H&R Block has outlined two main areas that the tax office is expected to focus on.
Claims made by investment property owners as well as work-related expenses are set to be firmly in the sights of the ATO at tax time this year.
H&R Block director of tax communications Mark Chapman said that, each year, the tax office targets specific areas where taxpayers are prone to making errors either accidentally or deliberately.
Specifically, greater scrutiny of deduction claims related to investment properties is anticipated, as Mr Chapman pointed out that recent ATO audits found errors in 90 per cent of returns.
“The focus on investment property owners is likely to be particularly pronounced because rental losses are likely to be bigger than normal this year due to the hit that rental returns have taken during the COVID-19 crisis,” he said.
The ATO is expected to look at excessive interest expense claims, including when a property owner has tried to claim borrowing costs on their family home as well as their rental property.
H&R Block also predicted that the incorrect apportionment of rental income and expenses between owners would be an area of focus, such as deductions on a jointly owned property that are claimed by the owner with a higher taxable income instead of jointly.
Furthermore, incorrect claims for newly purchased rental properties are expected to be on the ATO’s radar. H&R Block explained that the costs to repair damage and defects that existed at the time the property was purchased and the costs of renovation cannot be claimed immediately but are instead deductible over a number of years
Finally, rental property owners have been warned to only claim for periods where a property is rented out or is genuinely available for rent and not when a property is used as a personal holiday home.
“The golden rule is; if you can’t substantiate it, you can’t claim it, so it’s essential to keep invoices, receipts and bank statements for all property expenditure, as well as proof that your property was available for rent, such as rental listings,” Mr Chapman suggested.
Alongside claims from investment property owners, the ATO will also be increasing its attention on work-related expenses, according to H&R Block.
“The ATO recently claimed that there was an $8.7 billion shortfall between the tax individuals are expected to pay and the tax they actually are paying,” he said.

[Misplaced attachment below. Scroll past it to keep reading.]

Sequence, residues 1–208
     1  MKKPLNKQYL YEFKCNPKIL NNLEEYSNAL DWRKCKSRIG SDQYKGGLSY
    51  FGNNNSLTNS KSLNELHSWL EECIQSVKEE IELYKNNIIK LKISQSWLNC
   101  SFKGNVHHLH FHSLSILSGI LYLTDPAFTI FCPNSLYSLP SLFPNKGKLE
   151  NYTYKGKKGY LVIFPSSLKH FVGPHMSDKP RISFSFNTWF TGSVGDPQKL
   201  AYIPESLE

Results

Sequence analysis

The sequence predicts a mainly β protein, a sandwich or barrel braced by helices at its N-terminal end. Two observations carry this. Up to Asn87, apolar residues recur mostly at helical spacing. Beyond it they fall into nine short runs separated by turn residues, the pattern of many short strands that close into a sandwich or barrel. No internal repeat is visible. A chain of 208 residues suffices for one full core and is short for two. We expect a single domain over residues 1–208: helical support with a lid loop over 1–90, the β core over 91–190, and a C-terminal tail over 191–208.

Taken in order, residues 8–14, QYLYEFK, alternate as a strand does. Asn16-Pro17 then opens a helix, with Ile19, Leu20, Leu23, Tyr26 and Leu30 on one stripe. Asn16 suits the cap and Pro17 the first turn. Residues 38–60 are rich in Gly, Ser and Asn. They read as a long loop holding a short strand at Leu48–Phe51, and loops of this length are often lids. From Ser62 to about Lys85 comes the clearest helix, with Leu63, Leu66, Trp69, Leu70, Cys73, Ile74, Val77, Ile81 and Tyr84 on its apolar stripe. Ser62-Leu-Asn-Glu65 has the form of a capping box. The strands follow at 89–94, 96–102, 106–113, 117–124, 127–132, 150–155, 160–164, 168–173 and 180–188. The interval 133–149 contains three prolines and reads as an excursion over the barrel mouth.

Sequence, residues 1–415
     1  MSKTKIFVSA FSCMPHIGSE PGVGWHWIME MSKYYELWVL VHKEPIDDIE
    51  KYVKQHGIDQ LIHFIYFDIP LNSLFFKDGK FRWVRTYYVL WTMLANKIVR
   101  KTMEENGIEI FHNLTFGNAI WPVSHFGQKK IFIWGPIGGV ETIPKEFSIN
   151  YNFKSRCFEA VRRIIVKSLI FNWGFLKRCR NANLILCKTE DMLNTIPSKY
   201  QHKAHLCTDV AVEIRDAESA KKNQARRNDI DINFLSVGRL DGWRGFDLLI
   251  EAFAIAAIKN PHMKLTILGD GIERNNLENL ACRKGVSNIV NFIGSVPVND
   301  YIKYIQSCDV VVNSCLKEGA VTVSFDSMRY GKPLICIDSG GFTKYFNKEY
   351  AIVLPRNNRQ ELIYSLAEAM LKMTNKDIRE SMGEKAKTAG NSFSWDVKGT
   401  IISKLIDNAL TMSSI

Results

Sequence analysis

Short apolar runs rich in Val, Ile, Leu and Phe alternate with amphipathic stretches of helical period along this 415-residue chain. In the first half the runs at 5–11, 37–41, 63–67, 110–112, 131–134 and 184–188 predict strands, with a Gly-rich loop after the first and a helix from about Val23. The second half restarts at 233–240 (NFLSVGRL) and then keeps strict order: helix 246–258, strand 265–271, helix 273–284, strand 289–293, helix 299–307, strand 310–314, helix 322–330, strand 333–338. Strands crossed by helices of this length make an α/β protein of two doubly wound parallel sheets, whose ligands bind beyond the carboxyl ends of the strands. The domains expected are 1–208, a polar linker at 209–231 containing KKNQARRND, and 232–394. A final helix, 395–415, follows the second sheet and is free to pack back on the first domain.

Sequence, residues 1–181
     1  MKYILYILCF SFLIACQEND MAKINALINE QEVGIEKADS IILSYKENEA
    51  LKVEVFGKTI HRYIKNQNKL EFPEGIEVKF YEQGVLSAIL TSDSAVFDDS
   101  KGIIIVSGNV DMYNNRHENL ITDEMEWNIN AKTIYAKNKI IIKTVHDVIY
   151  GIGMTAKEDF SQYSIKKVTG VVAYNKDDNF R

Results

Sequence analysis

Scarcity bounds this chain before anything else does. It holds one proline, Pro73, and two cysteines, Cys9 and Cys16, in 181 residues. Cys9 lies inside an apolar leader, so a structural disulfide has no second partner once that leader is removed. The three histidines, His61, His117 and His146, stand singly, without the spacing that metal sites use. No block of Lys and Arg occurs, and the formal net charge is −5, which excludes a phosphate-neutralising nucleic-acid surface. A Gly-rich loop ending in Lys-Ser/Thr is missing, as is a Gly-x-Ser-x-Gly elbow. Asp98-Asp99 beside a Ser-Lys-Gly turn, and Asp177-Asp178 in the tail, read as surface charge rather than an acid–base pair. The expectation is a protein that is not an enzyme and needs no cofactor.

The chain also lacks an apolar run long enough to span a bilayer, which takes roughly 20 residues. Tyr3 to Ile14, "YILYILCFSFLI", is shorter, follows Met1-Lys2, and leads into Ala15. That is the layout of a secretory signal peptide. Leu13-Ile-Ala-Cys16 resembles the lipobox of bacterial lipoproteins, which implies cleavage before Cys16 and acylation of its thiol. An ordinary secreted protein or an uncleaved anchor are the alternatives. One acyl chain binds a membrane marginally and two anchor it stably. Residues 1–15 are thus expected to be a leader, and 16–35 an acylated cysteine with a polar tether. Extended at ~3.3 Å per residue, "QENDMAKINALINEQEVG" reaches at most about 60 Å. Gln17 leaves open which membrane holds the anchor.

“The ATO believes that work-related expenses claims are the biggest element in that ‘tax gap’ and have signalled that they’ll be looking closely at these deductions this year.”
Mr Chapman said that deductions for home office use, including claiming for ‘occupation’ costs such as rent, rates and mortgage interest, would be one target area for the ATO.
He noted that these deductions are not allowable unless an individual is actually running a business from home.
Costs for mobile phones and internet will also be another target area, especially for those claiming all or a significant portion of their bills as work-related.
“The focus on home office, mobile phone and home internet costs is likely to be particularly pronounced with so many people working from home due to COVID-19,” said Mr Chapman.
Other anticipated focus areas include claims for work-related clothing, dry cleaning and laundry expenses, COVID-related tax deductions including quarantine expenses and protective equipment, overtime meal claims, and union fees and subscriptions.
The ATO is also honing in on individuals who use the 72 cent per kilometre flat rate for motor vehicle claims, as Mr Chapman noted that the tax office is concerned too many people are automatically claiming the maximum 5,000 kilometres that is able to be claimed under the method.
Furthermore, the ATO is concerned that some taxpayers are claiming work-related expenses of $300 or slightly less, which can be claimed without receipts, when they haven’t actually incurred these expenses.
“H&R Block’s top tip before making any claim is to be confident that you understand what you can and can’t claim and that you have the necessary proof (invoices, receipts, diaries, etc) that you actually incurred the expenditure and that it was work or business related,” Mr Chapman concluded.
Jon Bragg is a journalist for Momentum Media's Investor Daily, nestegg and ifa. He enjoys writing about a wide variety of financial topics and issues and exploring the many implications they have on all aspects of life.
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